“Man is what he eats.”  But what does he eat and why?  These questions seem naïve and irrelevant not only to Feuerbach.  They seemed even more irrelevant to his religious opponents.  To them, as to him, eating was a material function, and the only important question was whether in addition to it man possessed a spiritual “superstructure.”  Religion said yes.  Feuerbach said no.  But both answers were given within the same fundamental opposition of the spiritual to the material.  “Spiritual” versus “material,” “sacred” versus “profane,” “supernatural” versus natural.

Faced with a choice between worldly activist Christianity and otherworldly spiritual Christian, Schmemann simply refuses to choose.  Instead, he proposes an alternative that is creationist, eschatological, Eucharistic, liturgical.  He started from creation, pointing out that Adam was created a hungry being, with a need to take life in from without, but insisting that the food Adam needed was never purely “physical” sustenance: “In the Bible the food that man eats, the world of which he must partake in order to live, is given to him by God, and it is given as communion with God.”  Every eater banquets on God’s bounty, and every meal occurs before the face of God.  For Christians, every meal is potentially eucharist, beginning from and infused with thanksgiving.

Further, it is precisely this world, the world of eating and drinking, of baking and banking, that Yahweh and Jesus put at the heart of Christian worship.  At the center of Christian worship stands a table, and the climactic event toward which all liturgical action moves a meal of bread and wine, a feast on the good things of this earth.

And this meal on the things of this world is a foretaste of a future banquet in which we enjoy the good things of the age to come.  Eschatologically, Schmemann insists, this world will be transfigured into the new heavens and new earth.  Our bodies will be raised, and the world of the resurrection is this world transformed, not a “holy world” that replaces this “common world” but this world of eating and drinking, baking and banking, transfigured into the kingdom.  That eschatological reality has come in Jesus, the firstfruits of the resurrection, and, as the church Fathers saw with great clarity, the eschatological banquet begins already now in the Eucharistic meal.  The bread and wine of the Eucharist are the this-worldly foretaste of the marriage supper of the lamb, and thus show the trajectory of the entirety of this world.  All of creation is destined to be what the Eucharist now is, all destined to be the medium of our communion in Christ with the Father through the Spirit.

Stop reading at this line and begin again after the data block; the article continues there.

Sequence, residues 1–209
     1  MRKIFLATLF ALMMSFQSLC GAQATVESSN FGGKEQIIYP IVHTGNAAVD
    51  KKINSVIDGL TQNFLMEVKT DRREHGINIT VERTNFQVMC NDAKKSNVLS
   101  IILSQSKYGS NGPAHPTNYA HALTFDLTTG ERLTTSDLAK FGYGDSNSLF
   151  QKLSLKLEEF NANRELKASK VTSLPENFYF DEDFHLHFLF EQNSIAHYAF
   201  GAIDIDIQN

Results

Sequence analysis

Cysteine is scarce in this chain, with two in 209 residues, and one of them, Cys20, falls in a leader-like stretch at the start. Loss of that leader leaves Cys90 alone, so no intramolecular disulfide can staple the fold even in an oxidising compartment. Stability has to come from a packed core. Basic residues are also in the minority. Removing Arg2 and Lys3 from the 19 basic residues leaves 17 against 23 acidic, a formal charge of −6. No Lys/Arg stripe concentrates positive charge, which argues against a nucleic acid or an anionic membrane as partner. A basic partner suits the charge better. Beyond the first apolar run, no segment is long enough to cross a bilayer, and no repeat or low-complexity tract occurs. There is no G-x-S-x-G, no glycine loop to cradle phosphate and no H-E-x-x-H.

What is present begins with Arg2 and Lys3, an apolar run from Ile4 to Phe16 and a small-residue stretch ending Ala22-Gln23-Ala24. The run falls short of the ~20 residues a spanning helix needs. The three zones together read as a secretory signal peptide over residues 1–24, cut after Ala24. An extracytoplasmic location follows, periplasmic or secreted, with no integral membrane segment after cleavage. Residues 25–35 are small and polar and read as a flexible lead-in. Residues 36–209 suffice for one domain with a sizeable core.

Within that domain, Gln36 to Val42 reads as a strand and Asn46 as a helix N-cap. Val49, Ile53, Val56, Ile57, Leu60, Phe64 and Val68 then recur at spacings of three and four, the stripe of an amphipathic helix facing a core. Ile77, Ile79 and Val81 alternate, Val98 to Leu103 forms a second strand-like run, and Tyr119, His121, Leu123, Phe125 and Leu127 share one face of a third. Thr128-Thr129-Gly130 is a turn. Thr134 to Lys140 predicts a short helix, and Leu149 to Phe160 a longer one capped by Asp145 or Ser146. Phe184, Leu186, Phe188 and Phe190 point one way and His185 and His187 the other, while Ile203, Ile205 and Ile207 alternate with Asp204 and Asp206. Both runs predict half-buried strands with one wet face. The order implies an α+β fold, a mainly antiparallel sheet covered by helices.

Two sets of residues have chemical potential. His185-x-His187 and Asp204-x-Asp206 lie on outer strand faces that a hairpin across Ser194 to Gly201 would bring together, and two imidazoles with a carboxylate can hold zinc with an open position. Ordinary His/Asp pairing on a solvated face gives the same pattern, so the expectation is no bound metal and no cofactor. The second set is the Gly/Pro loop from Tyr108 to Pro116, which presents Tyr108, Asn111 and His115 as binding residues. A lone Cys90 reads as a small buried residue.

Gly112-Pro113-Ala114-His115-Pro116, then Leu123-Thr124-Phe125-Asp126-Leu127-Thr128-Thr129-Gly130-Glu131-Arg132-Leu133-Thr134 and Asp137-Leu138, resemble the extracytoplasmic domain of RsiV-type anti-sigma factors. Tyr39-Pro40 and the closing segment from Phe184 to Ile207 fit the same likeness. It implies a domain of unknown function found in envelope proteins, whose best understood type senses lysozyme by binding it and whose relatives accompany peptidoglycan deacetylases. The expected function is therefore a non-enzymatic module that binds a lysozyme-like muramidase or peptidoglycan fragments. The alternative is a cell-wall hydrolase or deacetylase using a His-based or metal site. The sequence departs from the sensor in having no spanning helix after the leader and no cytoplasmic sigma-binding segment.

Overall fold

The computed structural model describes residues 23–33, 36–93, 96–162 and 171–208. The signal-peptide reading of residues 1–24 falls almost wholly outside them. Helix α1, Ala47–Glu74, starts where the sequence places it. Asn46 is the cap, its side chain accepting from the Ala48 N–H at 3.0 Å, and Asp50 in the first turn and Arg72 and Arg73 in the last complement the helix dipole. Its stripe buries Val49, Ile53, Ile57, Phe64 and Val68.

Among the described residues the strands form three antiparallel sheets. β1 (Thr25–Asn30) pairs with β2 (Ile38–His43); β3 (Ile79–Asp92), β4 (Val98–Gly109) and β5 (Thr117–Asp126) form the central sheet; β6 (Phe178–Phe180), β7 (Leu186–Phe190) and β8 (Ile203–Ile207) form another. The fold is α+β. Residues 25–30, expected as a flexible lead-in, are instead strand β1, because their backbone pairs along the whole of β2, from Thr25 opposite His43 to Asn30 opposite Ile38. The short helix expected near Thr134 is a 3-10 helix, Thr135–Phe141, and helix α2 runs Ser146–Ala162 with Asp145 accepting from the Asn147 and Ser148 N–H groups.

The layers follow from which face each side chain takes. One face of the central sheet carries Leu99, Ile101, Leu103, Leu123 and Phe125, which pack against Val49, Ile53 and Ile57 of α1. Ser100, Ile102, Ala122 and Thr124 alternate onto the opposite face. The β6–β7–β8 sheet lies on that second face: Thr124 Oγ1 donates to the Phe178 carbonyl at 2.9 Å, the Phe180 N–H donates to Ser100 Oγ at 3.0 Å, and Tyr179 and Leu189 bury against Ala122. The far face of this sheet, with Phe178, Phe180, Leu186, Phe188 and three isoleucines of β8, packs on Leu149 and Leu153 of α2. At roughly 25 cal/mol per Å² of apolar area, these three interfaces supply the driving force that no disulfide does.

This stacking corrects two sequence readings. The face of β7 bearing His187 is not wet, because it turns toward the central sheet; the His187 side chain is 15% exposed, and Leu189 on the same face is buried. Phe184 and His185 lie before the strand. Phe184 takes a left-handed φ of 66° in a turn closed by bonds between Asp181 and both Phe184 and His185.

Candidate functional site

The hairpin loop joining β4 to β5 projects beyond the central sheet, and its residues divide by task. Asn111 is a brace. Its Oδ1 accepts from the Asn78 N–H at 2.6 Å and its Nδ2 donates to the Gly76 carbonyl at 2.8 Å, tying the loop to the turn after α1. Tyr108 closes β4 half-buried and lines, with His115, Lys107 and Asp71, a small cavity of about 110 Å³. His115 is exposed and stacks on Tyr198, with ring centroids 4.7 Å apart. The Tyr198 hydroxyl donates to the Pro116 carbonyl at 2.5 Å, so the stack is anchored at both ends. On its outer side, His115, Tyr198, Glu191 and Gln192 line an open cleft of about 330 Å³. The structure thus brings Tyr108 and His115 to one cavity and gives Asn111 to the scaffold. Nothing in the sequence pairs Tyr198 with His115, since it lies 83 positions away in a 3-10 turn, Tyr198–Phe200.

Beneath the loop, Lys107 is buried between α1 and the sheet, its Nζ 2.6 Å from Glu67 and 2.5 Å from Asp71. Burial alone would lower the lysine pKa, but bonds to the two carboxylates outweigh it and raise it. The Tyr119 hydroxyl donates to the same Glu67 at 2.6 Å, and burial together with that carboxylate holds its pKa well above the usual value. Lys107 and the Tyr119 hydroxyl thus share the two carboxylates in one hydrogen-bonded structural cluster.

Schmemann teaches us that the Eucharist is the clue to the relation of nature and the supernatural, sacred and secular.  The Lord’s Day feast and the weekday feast are not spatially separate, so that each is external to the other.  Rather, they are distinguished temporally, eschatologically, and the fact that the age to come has invaded this age means that the everyday meal becomes infused with Eucharist.  Anticipating the eschaton, the Eucharistic meal of bread and wine already enfolds the world of baking and banking into the sacrament, so that baking, eating, drinking, banking, and all else, become various modes of communion with God.